We demonstrate that firms can exploit their knowledge of ‘weak’ institutional settings and turn it into a source of advantage as they internationalize into locations with similar institutional ‘weaknesses.’ Using the case of one Africa’s most successful multinational enterprises we illustrate the value gained from initially capitalizing upon institutional complementarity (utilizing the comparative advantage linked to institutional know-how) by exploiting the experience of the home country’s environment into similar settings. Over time and through learning-by-doing, pressure arose to diversify the risk linked with over-exposure to institutional uncertainty and country risk, and this was associated with the process of institutional substitution into more advanced countries. We see an emerging multinational learning and building its capabilities by leveraging off its understanding of its home country institutional environment.
Our work builds on that of Landau et al. (2016) and Martin (2014) who examine home country institutions as a source of comparative and competitive advantage in internationalization but question how and why some companies are able to leverage off local institutional benefits whilst others are unable to do so? Moreover, how do firms exploit domestic institutional advantages and when is this exploitation of particular relevance? We show how SAB was able to build on its initial firm specific advantages (FSAs) and combine them with their country specific advantages (CSAs), related to understanding how to do business in milieus of institutional uncertainty (due to their home country knowledge of such institutions), and thereby construct further distinctive resource advantages. This gave it both a comparative and competitive institutional advantage in its process of internationalization and it chose it locations in such a way as to capitalize upon these advantages at distinct phases. Landau et al. (2016: 52) term this ability as institutional leverage capability (ILC) which they state explains the heterogeneity amongst firms with respect to their ability to exploit these domestic institutional benefits and leverage them into firm-specific competitive advantages. They, however, rely on German cases to demonstrate favorable home country institutions (such as the dual education system) which are more noticeably and traditionally advantageous. Few would take issue with the argument that stable, well run institutions are a source of advantage. We, however, demonstrate that EMNEs can exploit their knowledge of, what would in institutional theory be perceived as, weak institutional settings and turn it into a source of advantage as they internationalize into locations with similar institutional ‘weakness’. Over time they are able to construct further resource advantages and move into countries with less familiar institutional environments. In this way we both complement and extend the work of Landau et al. (2016) into emerging markets.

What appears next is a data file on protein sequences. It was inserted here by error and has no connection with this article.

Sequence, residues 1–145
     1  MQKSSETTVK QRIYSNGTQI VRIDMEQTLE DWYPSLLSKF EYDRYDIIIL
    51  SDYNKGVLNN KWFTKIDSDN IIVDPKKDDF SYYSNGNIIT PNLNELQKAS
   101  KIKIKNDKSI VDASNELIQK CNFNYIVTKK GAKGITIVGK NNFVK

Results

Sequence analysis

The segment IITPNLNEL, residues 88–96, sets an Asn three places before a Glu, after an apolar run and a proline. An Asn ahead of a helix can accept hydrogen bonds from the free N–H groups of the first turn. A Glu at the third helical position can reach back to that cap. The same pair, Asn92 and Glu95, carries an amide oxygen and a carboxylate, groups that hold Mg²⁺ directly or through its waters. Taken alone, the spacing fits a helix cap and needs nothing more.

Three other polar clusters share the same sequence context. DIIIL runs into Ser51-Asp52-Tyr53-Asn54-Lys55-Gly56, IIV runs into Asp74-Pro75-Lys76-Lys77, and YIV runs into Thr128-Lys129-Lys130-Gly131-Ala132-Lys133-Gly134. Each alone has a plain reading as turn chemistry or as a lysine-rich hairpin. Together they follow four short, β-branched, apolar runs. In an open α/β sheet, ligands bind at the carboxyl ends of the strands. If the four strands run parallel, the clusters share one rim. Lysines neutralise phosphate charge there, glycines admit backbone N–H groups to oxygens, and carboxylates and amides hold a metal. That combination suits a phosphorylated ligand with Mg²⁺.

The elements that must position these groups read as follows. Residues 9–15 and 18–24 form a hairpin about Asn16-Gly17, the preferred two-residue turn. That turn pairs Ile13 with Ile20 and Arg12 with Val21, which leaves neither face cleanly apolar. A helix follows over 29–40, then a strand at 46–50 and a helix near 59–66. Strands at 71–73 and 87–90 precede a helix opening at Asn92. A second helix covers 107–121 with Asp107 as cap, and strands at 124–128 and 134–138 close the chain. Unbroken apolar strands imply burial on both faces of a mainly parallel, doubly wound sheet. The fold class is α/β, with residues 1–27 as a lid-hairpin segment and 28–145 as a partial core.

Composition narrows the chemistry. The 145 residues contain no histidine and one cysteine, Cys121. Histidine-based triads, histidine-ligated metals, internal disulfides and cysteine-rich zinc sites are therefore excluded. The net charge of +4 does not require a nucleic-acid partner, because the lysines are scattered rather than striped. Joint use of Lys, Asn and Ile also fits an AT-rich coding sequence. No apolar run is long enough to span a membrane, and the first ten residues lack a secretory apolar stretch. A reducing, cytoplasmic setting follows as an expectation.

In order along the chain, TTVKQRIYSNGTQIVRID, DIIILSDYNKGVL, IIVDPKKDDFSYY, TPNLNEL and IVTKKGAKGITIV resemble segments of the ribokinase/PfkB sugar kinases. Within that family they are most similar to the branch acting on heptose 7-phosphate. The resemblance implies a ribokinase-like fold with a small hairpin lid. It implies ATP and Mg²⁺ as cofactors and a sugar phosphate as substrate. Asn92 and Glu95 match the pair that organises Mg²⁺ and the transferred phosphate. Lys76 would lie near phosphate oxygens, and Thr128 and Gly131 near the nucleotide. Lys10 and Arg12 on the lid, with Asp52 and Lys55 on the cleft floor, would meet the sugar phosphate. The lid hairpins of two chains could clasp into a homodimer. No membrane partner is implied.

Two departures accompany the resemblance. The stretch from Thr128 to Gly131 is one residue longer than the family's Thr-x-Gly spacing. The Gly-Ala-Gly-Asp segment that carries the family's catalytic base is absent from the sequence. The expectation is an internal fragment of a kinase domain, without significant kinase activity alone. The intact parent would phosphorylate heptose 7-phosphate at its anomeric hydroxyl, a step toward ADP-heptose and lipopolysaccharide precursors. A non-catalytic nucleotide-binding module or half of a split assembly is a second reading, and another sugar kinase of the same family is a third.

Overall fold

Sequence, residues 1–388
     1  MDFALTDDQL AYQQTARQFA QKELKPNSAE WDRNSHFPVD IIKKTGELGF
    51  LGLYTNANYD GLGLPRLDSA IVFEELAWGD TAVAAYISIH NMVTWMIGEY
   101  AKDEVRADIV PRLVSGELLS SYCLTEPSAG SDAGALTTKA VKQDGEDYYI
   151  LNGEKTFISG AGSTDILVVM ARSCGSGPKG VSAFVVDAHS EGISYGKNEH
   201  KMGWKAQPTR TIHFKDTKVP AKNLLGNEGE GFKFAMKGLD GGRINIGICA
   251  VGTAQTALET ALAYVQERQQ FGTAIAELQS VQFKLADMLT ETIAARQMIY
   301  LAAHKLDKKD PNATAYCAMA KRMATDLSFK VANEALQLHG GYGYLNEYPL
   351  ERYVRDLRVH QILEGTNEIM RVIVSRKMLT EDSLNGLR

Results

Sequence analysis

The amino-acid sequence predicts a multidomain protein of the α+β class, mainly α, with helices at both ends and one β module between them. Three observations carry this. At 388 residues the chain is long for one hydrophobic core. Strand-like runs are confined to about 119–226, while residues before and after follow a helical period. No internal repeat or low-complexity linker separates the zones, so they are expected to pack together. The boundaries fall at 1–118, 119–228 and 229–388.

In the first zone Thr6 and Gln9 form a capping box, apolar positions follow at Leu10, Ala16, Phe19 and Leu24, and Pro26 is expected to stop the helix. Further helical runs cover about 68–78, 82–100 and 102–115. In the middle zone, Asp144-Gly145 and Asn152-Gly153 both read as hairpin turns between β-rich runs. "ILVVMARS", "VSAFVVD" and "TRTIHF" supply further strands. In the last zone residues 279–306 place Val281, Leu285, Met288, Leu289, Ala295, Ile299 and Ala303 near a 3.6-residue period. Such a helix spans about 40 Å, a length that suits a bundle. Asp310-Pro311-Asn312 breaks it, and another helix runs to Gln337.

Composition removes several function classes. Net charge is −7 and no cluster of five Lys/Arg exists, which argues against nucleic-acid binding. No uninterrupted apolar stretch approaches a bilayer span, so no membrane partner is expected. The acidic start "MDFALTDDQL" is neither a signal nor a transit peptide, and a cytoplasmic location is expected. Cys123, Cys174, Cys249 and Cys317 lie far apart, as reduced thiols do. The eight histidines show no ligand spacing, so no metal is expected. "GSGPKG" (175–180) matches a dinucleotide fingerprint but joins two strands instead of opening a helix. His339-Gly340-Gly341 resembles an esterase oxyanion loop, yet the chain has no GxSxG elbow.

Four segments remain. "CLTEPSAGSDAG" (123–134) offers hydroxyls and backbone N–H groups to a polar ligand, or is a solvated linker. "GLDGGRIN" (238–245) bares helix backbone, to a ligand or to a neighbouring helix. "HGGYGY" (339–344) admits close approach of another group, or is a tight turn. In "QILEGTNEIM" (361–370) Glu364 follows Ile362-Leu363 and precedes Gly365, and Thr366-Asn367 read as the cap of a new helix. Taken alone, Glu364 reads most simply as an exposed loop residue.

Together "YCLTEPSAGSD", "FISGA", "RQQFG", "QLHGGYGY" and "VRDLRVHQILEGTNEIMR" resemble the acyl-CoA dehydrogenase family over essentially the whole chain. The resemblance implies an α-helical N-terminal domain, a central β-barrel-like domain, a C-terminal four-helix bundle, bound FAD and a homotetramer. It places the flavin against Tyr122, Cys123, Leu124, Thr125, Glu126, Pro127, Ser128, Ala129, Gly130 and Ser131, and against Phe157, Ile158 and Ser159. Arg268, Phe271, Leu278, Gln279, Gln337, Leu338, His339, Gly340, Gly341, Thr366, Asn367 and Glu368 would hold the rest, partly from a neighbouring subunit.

In terms of implications for practice, we concur with Landau et al. (2016: 64) that when internationalizing firms should consider not only the host country’s institutional environment but also be aware of potential institutional benefits that its home country could offer. However, these benefits are not automatic and to capitalize upon this they need to develop their institutional leverage capability. We show that EMNE managers can turn a source of potential disadvantage, namely home country institutional uncertainty, into a source of advantage.
The work has implications for developed MNE (DMNEs) strategies too. It suggests that their FSAs do not necessarily translate equally well into emerging markets with high levels of institutional voids. These DMNEs may find themselves as proverbial ‘fish out of water’ as they struggle to capitalize upon these advantages in this environment. As growth continues to dominate in emerging countries it therefore implies that we are likely to continue seeing the disproportionate rise of MNEs from emerging markets as this growth plays to their strengths. Africa represents a particularly extreme institutional and business environment and thus DMNEs are likely to struggle to adapt. This may explain why when Walmart in 2011 decided to enter Africa it chose to do so by buying a 51% stake in Africa’s second largest retailer, Massmart from South Africa, rather than go it alone. Likewise, it may explain the offer by AB InBev to acquire SABMiller in late 2015. Africa is thus fertile territory for expansion of EMNEs. But DMNEs are rapidly building their capabilities in doing business in emerging markets in the context of institutional voids and this experience will be put to the severe test in Africa. Acquiring nascent MNEs arising out of Africa is likely to be a growing trend as DMNEs ‘purchase’ the expertise and footprint that these African companies possess.
- Landau, C., Karna, A., Richter, A., and Uhlenbruck, K. (2016). Institutional leverage capability: creating and using institutional advantages for internationalization. Global Strategy Journal, 6(1), 50-68.Leedy, P. D., and Ormrod, J. E. (2012). Practical research (10th ed.). Upper Saddle River, NJ: Pearson.
- Martin, X. (2014). Institutional advantage. Global Strategy Journal, 4(1), 55-69.
The impact of home and host country institutions in the internationalization of an African multinational enterprise